liu.seSearch for publications in DiVA
Change search
CiteExportLink to record
Permanent link

Direct link
Cite
Citation style
  • apa
  • harvard1
  • ieee
  • modern-language-association-8th-edition
  • vancouver
  • oxford
  • Other style
More styles
Language
  • de-DE
  • en-GB
  • en-US
  • fi-FI
  • nn-NO
  • nn-NB
  • sv-SE
  • Other locale
More languages
Output format
  • html
  • text
  • asciidoc
  • rtf
Effects of Ni-coating on ZnO nanowires: A Raman scattering study
Linköping University, Department of Physics, Chemistry and Biology, Functional Electronic Materials. Linköping University, The Institute of Technology.
National Laboratory for Infrared Physics, Shanghai Institute of Technical Physics, Chinese Academy of Sciences, Shanghai, China .
Department of Nanobio Materials and Electronics, Gwangju Institute of Science and Technology, Gwangju, Republic of Korea .
Department of Nanobio Materials and Electronics, Gwangju Institute of Science and Technology, Gwangju 500712, Republic of Korea.
Show others and affiliations
2013 (English)In: Journal of Applied Physics, ISSN 0021-8979, E-ISSN 1089-7550, Vol. 113, no 21, 214302-1-214302-6 p.Article in journal (Refereed) Published
Abstract [en]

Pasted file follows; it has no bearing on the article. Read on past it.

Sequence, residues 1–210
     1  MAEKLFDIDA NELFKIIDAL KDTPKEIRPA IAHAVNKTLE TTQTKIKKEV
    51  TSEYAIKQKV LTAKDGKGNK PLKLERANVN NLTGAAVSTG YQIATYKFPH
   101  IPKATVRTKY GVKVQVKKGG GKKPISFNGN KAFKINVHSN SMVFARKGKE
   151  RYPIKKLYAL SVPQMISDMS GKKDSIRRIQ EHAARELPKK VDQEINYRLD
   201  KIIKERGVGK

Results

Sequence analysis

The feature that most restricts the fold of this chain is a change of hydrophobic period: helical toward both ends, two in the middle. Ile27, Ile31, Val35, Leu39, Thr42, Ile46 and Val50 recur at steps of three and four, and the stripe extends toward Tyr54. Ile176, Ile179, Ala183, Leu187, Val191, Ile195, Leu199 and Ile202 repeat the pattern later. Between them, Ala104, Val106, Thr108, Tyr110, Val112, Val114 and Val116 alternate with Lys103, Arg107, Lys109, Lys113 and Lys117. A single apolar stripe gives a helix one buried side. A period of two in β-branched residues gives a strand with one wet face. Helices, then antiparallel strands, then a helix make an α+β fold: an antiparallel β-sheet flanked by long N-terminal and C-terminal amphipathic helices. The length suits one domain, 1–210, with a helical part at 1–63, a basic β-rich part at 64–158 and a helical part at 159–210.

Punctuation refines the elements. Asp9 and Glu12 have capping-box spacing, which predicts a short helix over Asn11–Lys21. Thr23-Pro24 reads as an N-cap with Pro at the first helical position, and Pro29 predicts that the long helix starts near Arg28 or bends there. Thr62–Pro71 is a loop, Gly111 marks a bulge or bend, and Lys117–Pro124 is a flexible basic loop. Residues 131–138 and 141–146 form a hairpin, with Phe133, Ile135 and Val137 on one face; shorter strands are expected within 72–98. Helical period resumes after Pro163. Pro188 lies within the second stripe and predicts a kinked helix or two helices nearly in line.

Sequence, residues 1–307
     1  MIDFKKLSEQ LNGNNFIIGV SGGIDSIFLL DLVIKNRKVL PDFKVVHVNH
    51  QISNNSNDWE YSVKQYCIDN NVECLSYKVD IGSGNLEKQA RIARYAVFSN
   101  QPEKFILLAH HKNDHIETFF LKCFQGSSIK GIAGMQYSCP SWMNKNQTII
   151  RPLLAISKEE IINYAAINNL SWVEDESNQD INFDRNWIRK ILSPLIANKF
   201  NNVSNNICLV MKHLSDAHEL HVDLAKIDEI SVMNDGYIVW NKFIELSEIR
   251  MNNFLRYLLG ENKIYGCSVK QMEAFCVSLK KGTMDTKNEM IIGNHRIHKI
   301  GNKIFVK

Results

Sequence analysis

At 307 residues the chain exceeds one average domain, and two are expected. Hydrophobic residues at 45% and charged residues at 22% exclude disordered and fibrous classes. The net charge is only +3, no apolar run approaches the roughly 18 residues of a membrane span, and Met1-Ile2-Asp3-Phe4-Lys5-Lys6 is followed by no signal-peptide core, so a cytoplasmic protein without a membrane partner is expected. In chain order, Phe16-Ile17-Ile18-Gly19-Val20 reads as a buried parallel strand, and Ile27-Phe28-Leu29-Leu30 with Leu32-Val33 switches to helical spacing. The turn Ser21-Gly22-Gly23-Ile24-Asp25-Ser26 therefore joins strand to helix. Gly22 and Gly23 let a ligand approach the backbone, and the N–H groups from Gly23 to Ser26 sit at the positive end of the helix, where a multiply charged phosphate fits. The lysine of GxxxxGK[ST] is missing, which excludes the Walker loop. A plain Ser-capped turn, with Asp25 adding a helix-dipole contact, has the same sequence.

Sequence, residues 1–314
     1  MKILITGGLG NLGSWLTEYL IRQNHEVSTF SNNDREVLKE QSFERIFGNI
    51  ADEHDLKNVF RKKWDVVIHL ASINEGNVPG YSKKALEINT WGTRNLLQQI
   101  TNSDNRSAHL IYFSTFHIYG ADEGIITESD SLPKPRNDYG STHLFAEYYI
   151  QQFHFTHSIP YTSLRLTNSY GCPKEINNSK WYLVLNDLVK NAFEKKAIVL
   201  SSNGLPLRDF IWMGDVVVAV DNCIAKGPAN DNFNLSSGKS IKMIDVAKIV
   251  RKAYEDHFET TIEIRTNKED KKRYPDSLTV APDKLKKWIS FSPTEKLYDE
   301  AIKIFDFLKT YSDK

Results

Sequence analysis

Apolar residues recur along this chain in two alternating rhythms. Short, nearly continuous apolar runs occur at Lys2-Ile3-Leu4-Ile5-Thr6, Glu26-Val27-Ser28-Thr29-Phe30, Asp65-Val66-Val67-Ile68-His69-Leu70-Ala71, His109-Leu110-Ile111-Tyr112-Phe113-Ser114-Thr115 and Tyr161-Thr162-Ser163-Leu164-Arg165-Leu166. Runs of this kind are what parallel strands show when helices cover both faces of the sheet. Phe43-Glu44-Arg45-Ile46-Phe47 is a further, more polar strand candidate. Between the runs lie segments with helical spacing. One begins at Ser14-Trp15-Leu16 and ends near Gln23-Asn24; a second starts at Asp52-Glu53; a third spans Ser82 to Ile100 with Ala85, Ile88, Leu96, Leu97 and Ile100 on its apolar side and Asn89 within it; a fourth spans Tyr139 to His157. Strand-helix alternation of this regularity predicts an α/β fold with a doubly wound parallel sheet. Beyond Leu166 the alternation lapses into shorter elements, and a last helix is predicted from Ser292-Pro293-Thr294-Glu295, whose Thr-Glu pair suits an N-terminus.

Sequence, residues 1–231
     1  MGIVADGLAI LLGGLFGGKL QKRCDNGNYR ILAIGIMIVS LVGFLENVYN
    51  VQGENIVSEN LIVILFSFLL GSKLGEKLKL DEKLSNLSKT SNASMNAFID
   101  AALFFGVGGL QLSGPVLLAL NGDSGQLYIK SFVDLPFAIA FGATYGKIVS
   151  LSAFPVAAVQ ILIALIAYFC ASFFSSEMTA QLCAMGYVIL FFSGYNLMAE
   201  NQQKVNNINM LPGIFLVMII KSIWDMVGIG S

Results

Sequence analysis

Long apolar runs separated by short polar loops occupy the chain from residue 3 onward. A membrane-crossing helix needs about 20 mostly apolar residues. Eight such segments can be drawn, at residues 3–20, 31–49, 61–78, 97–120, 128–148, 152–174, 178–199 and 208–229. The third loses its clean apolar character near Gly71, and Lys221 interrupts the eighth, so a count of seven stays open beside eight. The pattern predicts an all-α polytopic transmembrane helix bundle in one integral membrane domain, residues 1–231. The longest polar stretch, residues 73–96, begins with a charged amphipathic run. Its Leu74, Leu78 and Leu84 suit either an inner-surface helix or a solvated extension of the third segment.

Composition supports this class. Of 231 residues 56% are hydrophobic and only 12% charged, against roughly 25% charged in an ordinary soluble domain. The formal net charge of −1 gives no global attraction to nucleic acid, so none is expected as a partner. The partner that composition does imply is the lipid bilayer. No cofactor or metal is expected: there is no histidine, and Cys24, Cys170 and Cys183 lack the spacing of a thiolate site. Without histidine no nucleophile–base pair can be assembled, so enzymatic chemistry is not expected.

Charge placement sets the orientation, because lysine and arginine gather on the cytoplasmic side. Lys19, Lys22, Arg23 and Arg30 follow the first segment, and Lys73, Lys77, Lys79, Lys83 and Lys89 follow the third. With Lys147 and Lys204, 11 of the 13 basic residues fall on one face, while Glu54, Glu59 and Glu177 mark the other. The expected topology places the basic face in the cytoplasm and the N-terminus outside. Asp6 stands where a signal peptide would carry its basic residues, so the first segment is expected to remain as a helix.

Structural properties of ZnO/Ni core/shell nanowires (NWs) are studied in detail by means of Raman spectroscopy. It is shown that formation of the Ni shell leads to passivation of surface states responsible for the observed enhanced intensity of the A1(LO) Raman mode of the bare ZnO NWs. It also causes appearance of 490 cm−1 and 710 cm−1 modes that are attributed to local vibrational modes of a defect/impurity (or defects/impurities). This defect is concluded to be preferably formed in annealed ZnO/Ni NWs and is unlikely to contain a Ni atom, as the same Raman modes were also reported for the Ni-free ZnO nanostructures. From our resonant Raman studies, we also show that the ZnO/Ni core/shell NWs exhibit an enhanced Raman signal with a multiline structure involving A1(LO). This observation is attributed to combined effects of an enhanced Fröhlich interaction at the ZnO/Ni heterointerface and coupling of the scattered light with local surface plasmons excited in the Ni shell. The plasmonic effect is also suggested to allow detection of carbon-related species absorbed at the surface of a single ZnO/Ni NW, promising for applications of such structures as efficient nano-sized gas sensors.